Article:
Rep. McKinney (D-GA) Discusses Hack as Diebold Attacks Elections Official
By: Matthew Cardinale YubaNet Jun 27, 2005
"The bottom line is we can't trust the machines, and we can't trust the results being told to the American people," U.S. Rep. Cynthia McKinney (D-GA) said in a phone interview for the progressive news community, adding "we are planning some as-yet-undefined events in [our] district" around the issue.
The problem, the Congresswoman said, is that the machines "haven't been provided with appropriate software and safeguards. If they had the appropriate software and safeguards, then the machines wouldn't be a problem. So either [provide] that, or go back to paper ballots," she advised.
Rep. McKinney, along with Rep. Corrine Brown (D-FL), had been on hand for a hack demonstration in the Leon County Elections Office, in Florida, in May 2005. The demo was one of three meetings that had been organized by Bev Harris and the team at Black Box Voting.
Diebold has since issued a vitriolic letter to Mr. Ion Sancho, Leon County Elections Supervisor, for allowing Black Box Voting to conduct the hack demo on site.
Mr. Sancho defended his actions in a phone interview and explained his concerns regarding electronic voting.
As Black Box Voting announced in recent weeks, two computer science experts have been able to hack into Leon County's Diebold central tabulator as well as individual optical scan machines. For a recent interview with Bev Harris written by the present columnist about the hack, which ran on YubaNet, please click here.
Rep. McKinney, who was on site for the second of the three hack demos, clarified she did not see the entire demo, particularly the hack on the individual scan machines, "because they were not able to do the hack in the prescribed time," and she had to get going on that day.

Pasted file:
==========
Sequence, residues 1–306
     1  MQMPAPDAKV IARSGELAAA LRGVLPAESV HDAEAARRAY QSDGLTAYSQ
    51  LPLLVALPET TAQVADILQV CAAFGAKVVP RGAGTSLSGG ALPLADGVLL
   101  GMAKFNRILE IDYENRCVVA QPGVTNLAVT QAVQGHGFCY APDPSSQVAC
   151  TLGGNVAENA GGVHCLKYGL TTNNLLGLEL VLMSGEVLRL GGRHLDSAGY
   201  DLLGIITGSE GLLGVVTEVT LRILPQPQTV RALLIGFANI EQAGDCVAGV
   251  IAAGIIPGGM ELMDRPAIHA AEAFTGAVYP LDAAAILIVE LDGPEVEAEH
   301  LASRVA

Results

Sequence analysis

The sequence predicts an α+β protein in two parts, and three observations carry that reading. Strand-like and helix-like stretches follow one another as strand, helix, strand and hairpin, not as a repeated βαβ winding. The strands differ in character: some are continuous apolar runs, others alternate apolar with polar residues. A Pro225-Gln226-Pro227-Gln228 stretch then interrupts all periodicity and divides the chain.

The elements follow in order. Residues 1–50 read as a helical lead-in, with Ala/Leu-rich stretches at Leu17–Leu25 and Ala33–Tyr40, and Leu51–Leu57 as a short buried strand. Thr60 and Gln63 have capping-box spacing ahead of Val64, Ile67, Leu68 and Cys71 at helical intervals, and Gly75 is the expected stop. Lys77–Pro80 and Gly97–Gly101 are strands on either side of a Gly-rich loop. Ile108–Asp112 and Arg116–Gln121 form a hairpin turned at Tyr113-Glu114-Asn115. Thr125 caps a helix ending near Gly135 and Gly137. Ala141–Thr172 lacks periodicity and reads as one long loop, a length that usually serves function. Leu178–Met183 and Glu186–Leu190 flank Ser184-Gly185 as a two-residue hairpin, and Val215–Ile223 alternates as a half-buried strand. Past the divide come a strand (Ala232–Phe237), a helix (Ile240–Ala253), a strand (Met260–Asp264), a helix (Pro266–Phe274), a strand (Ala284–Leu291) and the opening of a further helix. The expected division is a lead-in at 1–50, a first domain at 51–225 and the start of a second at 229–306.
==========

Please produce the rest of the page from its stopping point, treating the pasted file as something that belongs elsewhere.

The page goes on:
"I understand they were able to do the hack afterwards," Rep. McKinney said, adding she had been troubled by the news of it which was relayed "by way of press release."
"Granted the same access as an employee of our office, it was possible to enter the computer, alter election results, and exit the system without leaving any physical record of this action," said a formal statement posted by Mr. Ion Sancho on the Leon County Election's Office official website.
The statement is available here.
"It was also demonstrated that false information or instructions could be placed on a memory card (the device used to program the individual voting machines and record the voter's votes) and create false results or election reports," the statement said.
Harri Hursti, 36, who ran the hack demo on the individual machines and memory cards, reiterated Congresswoman McKinney's concerns.
"I had prepared memory cards provided by Leon County having elections data for educational purposes. I modified three of these [cards], demonstrating three different attack methods, three different ways to penetrate the layer of security to change the outcome of elections to demontrate how to change the papertrail believed to protect the election integrity," Hursti said.
Drawing upon his long-time experience with computers, Hursti concluded strongly, "There is poor security because of the very design of the machines, not the implementation. It was been designed to be flexible to modifications, over considerations for security. I think optical scan should be redesigned and implemented based on new architecture," Hursti said.
Hursti has worked for many years on computer graphics, databases, and even government systems for the nation of Finland. Hursti has also worked on issues related to security, encryption, and telecommunition, helping to co-found the first commercial internet service in Finland, and helping design a pan-European internet service called EUnet, part of which was later acquired by Qwest.
To be sure, Black Box Voting was only able to perform the hack from on-site, not remotely. However, vulnerabilities still exist, Ion Sancho of Leon County, Florida, warned.